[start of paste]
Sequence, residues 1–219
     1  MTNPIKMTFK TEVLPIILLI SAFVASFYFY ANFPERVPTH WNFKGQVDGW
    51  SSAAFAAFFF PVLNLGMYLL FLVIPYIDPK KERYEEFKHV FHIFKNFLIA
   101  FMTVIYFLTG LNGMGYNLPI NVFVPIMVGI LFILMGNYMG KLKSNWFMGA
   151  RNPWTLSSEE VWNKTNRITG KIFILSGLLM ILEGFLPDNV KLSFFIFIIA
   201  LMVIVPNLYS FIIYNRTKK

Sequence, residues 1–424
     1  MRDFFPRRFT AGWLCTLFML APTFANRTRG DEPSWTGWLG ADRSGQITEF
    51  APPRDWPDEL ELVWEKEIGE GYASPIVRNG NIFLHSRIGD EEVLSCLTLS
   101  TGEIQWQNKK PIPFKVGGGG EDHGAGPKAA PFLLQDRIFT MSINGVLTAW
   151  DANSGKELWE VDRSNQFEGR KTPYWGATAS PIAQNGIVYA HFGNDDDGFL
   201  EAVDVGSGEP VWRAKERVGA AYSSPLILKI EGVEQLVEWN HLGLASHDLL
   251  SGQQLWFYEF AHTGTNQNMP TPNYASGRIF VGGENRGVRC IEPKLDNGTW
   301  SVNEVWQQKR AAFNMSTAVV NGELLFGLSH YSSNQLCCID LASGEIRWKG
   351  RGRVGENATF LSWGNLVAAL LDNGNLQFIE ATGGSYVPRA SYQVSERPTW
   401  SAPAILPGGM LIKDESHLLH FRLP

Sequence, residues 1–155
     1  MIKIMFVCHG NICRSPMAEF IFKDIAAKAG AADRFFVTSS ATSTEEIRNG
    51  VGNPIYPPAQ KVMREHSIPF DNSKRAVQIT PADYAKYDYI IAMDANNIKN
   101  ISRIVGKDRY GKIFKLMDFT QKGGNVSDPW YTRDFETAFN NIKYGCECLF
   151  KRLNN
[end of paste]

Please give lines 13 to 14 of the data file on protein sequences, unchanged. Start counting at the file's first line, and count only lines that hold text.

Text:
   251  SGQQLWFYEF AHTGTNQNMP TPNYASGRIF VGGENRGVRC IEPKLDNGTW
   301  SVNEVWQQKR AAFNMSTAVV NGELLFGLSH YSSNQLCCID LASGEIRWKG